Features of Language
It is generally believed that human beings are the sole species capable of developing language thanks to their intelligence and appropriate structure of the vocal tract. It is clear, however, that animals are also capable of communicating in their own way, for instance, bees by tail-wagging, or whales by ‘singing’. Yet, there are certain apparent differences in human and animal ways of conveying messages, which we will look at in the following paper.
Numerous features common to all natural human languages have been proposed, nevertheless linguists seem not to be unanimous on ascribing certain properties only to human beings. Moreover, in some cases it seems that animal means of communication possesses some partially developed characteristics which are generally believed to be unique to man.
This feature of languages refers to the ability to speak not only about what is happening at the time and place of talking but also about other situation, future and past, real or unreal. We can talk about electronic parts catalog while playing cards and without ever seeing one.
As far as we know, the majority of animals cannot do that; nonetheless as the research suggest the bee can direct other bees to a food source. This might mean that the bees’ communication system also possesses this feature, although in some limited fashion.
There is no natural connection between the word or sound and the thing it denotes, which means we cannot simply tell what the meaning of a word is, by looking at it. Nothing in the German word ‘Handyspiele’ tells us that it means the same as the English word ‘handball’. Although this rule applies to the most of human language there are certain exceptions. In order to understand arbitrary words one has to know a specific language, though there are a number of iconic symbols in every language that can be understood without having to know the entire language system. Onomatopoeias – words which imitate sounds – are present in the majority of contemporary languages.
The potential number of utterances, as well as the number of words and meanings in human languages is practically infinite. Humans can come up with terms such as myspace codes or property in Cyprus and the number of these terms has no possible limits. In animal communication every signal has a fixed reference which means that it can only refer to one idea and its meaning cannot be broadened. In addition, it seems that animals cannot invent new signals in order to describe new ideas.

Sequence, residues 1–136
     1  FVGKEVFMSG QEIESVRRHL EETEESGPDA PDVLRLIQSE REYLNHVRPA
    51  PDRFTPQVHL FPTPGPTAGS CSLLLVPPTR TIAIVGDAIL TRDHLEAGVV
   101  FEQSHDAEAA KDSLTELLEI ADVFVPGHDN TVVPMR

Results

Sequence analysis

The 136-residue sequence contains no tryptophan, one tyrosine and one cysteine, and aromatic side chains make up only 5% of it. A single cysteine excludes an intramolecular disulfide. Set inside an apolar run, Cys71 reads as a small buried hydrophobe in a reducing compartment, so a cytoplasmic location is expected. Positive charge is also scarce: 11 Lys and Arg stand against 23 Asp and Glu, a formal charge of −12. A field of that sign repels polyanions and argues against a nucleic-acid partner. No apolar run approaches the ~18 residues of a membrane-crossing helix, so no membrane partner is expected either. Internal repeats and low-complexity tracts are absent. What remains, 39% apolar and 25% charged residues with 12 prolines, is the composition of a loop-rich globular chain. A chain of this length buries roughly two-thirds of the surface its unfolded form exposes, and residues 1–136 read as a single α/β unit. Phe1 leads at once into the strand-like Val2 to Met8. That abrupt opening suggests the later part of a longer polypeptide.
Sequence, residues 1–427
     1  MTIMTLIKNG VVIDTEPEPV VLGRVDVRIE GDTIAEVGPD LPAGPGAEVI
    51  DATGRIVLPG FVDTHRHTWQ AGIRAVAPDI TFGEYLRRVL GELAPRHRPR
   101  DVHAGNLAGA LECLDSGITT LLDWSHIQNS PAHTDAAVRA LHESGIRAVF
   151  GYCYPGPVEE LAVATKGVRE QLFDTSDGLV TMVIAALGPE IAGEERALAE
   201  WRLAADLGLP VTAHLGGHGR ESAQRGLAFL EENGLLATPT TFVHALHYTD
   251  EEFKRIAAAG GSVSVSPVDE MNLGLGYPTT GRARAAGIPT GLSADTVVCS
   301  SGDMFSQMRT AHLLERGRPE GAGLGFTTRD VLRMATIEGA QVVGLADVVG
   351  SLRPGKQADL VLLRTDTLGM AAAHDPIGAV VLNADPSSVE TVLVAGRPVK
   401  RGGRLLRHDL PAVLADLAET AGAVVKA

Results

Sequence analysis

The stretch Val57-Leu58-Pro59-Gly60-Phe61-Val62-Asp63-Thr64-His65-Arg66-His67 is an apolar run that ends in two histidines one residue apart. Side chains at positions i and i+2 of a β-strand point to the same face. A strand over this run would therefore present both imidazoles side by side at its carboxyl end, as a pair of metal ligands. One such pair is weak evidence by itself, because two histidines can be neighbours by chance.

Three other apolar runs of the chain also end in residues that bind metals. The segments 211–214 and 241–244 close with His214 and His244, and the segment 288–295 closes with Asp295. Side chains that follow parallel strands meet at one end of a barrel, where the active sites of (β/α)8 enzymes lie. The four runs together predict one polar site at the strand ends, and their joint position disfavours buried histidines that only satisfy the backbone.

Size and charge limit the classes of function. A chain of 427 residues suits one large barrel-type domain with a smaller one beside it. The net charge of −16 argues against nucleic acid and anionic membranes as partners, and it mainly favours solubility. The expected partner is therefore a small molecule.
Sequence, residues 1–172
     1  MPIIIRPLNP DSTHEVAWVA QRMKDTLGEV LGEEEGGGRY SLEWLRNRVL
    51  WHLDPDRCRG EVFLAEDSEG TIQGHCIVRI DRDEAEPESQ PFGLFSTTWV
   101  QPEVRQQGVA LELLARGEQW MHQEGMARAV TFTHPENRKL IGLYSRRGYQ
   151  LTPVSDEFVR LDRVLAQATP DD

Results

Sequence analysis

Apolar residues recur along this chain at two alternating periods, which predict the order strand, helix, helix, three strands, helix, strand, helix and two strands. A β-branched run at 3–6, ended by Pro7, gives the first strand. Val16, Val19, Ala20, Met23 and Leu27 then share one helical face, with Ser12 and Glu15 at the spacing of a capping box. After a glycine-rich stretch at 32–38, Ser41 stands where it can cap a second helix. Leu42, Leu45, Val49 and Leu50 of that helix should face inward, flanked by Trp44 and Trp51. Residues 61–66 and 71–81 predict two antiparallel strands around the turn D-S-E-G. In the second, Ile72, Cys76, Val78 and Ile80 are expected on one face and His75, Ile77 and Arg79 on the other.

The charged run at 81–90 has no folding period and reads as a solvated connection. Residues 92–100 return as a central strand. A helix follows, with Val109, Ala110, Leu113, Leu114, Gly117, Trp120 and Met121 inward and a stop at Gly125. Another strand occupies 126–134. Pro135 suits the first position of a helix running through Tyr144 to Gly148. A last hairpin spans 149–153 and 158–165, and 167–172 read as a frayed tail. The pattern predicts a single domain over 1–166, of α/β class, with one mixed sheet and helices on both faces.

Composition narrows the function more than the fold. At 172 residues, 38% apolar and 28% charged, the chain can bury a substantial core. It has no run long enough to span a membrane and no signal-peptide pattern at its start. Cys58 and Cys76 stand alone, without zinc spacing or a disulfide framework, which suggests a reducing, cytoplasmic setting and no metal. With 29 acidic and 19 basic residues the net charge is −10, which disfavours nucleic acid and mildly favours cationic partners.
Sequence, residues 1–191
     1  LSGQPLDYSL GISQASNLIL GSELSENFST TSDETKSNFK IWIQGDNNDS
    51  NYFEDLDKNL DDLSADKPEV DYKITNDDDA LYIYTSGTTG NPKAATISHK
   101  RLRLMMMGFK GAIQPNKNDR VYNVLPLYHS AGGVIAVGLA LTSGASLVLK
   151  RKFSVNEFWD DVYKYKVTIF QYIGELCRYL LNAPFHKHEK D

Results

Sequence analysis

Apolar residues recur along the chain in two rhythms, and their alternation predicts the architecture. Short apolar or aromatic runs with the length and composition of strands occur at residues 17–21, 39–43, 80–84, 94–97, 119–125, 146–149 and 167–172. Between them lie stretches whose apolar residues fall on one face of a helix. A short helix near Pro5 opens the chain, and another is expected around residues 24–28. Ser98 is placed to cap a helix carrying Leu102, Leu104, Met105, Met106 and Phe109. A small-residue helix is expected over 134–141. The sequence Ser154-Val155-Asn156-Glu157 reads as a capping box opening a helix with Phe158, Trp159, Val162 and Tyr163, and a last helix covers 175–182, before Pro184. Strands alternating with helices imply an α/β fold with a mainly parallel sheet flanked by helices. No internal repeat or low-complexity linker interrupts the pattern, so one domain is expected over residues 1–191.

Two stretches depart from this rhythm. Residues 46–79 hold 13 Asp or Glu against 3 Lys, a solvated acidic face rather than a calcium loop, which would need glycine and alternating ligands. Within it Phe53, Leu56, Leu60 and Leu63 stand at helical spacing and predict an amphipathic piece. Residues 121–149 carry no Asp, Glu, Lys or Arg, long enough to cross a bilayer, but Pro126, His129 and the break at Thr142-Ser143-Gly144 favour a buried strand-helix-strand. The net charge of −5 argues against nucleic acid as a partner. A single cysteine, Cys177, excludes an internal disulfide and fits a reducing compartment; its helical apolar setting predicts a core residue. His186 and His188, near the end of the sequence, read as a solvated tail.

Although we are all born with certain fixed genetic predisposition for language use (e.g. shape of vocal tract) it does not predetermine which language we are actually going to use as our mother tongue. A Chinese baby brought as a toddler in Great Britain and raised by a British family is going to speak English and not Chinese, though it will still look like a Chinese. If, for example, a Korean puppy was brought to Britain it would still bark the same way as in Korea.
Human languages have two levels: minimal units – the alphabet for writing and phonemes for speech – which do not have a meaning on their own, and the level where the meaning emerges as a result of combination of the units from level one. It is emphasized by the fact that with a limited set of letters in the alphabet an unlimited number of words and expressions may be produced.
The aforementioned features are generally perceived as those which discriminate the human language from the animal languages.
Learnability: Apart from the fact that we naturally acquire a mother tongue we are also able to learn any of the number of other languages. It also means that unlike animals human beings are not genetically limited to use only the language of parents.
The above mentioned properties of language do not constitute a complete set that all linguists unanimously accept. There are many more proposals concerning the features of language, but owing to their minor importance and not very frequent occurrence in literature they have been omitted in this work.